The Bible in Acts 9 talks of a one Saul who was breathing out murderous threats against Jesus’ disciples but was later to become a lead advocate for the gospel of salvation and changed the name to Paul.
This is the exact story for Silver Kyamukama, 65, a born of Kibale village in Kamwenge district who was a seasoned poacher but was later converted into a big wildlife conservationist.
“I started poaching as a teenager while I escorted my father to gather food and meat from the forest. For 20 years, I continued poaching,”Kyamukama narrated.
Asked why he killed animals from the forests, the 65 year old frankly says he did it because of poverty as he expected to earn a living out of the game meat.
“I was poaching to feed my family and also pay school fees for my children after selling the bush meat to the local communities,”Kyamukama said.
Using a bow and arrow, the youthful Kyamukama would waylay bush pigs, bush bucks, forest giant hogs and sometimes buffalos in Bigodi swamp and Kibale forest before firing and killing them for meat.
He would later sell the game meat before sharing the remainder with family members.
This would be his routine year in, year out for 20 full years.
Like they say no gain without pain, Kyamukama’s job was also a risky one and he would at times go for months without any catch.
“Sometimes you could go poaching and come out with nothing,”Kyamukama says.
The ex-poacher with a 20 year experience says some animals were not easy to trap and on many occasions, fellow poachers survived death by a whisker.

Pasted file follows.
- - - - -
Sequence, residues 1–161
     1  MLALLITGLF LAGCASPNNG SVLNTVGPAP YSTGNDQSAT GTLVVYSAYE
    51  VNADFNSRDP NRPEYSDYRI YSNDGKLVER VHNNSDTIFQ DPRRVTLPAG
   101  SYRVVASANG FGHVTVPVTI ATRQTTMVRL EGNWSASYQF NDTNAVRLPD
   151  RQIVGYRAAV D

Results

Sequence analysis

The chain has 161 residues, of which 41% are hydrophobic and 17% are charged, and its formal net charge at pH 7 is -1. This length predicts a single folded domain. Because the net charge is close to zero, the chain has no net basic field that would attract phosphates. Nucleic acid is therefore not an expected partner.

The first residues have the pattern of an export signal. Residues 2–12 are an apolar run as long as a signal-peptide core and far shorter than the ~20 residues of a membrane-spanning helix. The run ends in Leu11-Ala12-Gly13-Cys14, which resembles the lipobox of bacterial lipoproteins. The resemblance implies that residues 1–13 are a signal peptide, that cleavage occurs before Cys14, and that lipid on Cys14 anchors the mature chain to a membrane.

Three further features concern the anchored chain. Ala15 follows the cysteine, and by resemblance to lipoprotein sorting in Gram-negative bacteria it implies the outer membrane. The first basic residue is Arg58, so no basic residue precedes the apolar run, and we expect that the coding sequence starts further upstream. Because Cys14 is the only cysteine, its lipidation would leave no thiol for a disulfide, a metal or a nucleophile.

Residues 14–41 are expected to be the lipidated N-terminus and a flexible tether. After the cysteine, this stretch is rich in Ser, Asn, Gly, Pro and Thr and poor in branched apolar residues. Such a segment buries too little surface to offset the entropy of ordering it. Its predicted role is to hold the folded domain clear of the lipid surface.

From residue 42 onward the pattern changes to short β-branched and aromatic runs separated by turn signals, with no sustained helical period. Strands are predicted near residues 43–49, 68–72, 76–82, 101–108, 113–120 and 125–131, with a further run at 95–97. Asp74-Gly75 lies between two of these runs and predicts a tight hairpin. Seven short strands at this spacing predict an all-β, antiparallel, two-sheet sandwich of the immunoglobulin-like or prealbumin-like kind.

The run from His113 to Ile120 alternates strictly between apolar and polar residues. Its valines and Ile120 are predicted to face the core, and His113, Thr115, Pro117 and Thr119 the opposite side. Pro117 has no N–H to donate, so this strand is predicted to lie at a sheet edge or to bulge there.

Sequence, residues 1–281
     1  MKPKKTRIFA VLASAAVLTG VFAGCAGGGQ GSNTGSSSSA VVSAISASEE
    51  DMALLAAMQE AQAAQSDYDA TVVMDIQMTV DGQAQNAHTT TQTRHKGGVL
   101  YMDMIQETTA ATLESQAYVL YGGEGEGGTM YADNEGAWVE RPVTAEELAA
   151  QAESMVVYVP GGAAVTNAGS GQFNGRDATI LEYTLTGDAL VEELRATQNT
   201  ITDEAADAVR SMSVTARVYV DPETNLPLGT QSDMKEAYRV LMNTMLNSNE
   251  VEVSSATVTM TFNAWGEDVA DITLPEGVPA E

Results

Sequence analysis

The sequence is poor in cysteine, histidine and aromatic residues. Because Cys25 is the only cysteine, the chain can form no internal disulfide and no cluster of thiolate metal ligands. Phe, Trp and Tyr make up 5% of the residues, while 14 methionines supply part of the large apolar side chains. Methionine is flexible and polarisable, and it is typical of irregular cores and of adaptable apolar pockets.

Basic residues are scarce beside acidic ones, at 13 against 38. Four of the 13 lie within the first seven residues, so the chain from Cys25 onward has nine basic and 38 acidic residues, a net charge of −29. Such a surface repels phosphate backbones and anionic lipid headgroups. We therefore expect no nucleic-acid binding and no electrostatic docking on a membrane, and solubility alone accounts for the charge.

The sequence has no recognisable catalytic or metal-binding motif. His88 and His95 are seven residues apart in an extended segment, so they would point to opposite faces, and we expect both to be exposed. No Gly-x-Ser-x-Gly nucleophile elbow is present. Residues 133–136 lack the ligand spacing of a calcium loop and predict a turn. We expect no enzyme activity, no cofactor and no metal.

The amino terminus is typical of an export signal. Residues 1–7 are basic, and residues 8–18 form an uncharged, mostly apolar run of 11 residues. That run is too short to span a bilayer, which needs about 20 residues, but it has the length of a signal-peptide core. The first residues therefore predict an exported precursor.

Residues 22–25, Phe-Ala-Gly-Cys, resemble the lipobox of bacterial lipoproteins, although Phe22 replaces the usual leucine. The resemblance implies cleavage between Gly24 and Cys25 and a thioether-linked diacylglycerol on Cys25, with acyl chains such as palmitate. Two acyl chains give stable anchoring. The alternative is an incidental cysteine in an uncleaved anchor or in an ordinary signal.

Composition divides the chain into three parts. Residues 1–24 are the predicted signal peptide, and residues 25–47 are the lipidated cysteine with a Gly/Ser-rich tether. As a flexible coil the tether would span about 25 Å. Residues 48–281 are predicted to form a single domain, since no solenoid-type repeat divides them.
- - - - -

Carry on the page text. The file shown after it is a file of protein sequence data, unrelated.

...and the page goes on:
“Buffalos are big animals and so you have to use a lot of tricks like use of dogs and spears to get them. It’s a war and is not easy. If you are not careful, you might get killed by the buffalo,”Kyamukama says.
However, despite being risky and criminal to hunt game animals, Kyamukama says he was never caught red handed by game rangers for the 20 years he spent in the business.
Like the Biblical Saul who changed to Paul, Kyomukama too joined Uganda Wildlife Authority after Kibale forest was gazetted into a national park in the early 1990s.
“UWA started calling out poachers from the bush and I complied. We got employed and after getting a job, I quit poaching,”Kyomukama says.
He however owes his redemption to UWA saying he now has a stable income courtesy of his new job of helping track and arrest fellow poachers.
Sometimes you could go poaching and come out with nothing. Right now my income is stable and I am better because my salary comes every month.”
He says he currently earns Shs 680, 000 per month from UWA which is reasonable enough to sustain his family and pay for his children’s school fees.
A thorn in feet of poachers
Kyomukama who currently works with UWA boasts of being a thorn in the feet of poachers as he looks for them left, right and centre as he tries to conserve wildlife.
“There is nowhere you can get bush meat because poachers fear me,”Kyomukama says as he narrates a story of how a poacher almost got arrested but had to take off for his dear life.
“It was raining and I was hiding. When he (poacher) was about to reach where I was, he realised I was there and he jumped. He dumped his meat and took off.”
The 65 year old however says he misses bush meat but quickly admits there is nowhere he can still get it.
“… I will never go back to poaching,” he adds.
Kyomukama however called upon poachers to leave the vice to join conservation efforts.
“They should come out of poaching and join our conservation group. If you join us, you can get money to buy meat instead of poaching animals.”
He on top of being a conservationist with UWA, Kyomukama is also a bird watching guide.